Child Advocacy: Let’s Get the Job Done

Child Advocacy: Let’s Get the Job Done

This is a story that asks a question. First the story.

Once upon a time there was a land so rich in resources that people beyond its borders thought the streets must be paved with gold. But it was so poor in spirit that it surrounded its children with violence and left them hungry, homeless, ignored. Over time the consequences of that neglect became increasingly evident, until one day, the plight of the children could no longer be ignored. Finally, it seemed, attention would be paid.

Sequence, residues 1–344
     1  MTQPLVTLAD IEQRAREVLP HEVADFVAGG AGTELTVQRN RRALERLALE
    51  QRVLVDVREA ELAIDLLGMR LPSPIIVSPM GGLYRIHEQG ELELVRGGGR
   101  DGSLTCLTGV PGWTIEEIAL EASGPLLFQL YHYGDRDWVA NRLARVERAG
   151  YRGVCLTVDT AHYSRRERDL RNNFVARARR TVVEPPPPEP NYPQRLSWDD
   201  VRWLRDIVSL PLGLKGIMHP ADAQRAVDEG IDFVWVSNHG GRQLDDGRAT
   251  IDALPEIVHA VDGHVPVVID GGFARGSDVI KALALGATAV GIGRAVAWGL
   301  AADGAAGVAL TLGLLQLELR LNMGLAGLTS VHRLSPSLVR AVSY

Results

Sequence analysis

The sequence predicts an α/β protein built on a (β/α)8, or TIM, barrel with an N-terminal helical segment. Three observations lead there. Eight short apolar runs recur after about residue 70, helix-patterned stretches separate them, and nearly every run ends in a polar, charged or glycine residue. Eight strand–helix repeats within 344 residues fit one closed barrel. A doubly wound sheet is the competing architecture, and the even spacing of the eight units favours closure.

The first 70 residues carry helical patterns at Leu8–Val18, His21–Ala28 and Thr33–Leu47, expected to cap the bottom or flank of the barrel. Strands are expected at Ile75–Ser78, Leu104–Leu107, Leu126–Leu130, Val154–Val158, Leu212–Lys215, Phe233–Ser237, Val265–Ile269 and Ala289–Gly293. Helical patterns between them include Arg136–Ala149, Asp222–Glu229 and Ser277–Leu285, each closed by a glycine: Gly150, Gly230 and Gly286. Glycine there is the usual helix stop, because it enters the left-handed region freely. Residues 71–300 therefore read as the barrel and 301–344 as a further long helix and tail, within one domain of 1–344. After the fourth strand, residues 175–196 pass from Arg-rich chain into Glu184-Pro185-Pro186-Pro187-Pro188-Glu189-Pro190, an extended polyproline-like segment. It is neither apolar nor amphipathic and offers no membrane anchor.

Now the question: What will it take to speed up the process?

This question haunts advocates for vulnerable children. It isn’t that no one would speak for the children; they have. But in the United States their warnings rarely resulted in anything more than a token response. Victories have tended to be piecemeal, grudging, never enough to change the conditions that put so many children at risk in the first place. Or the reforms are left unimplemented, without the money needed to carry them out. Throughout the twentieth century that has been the case.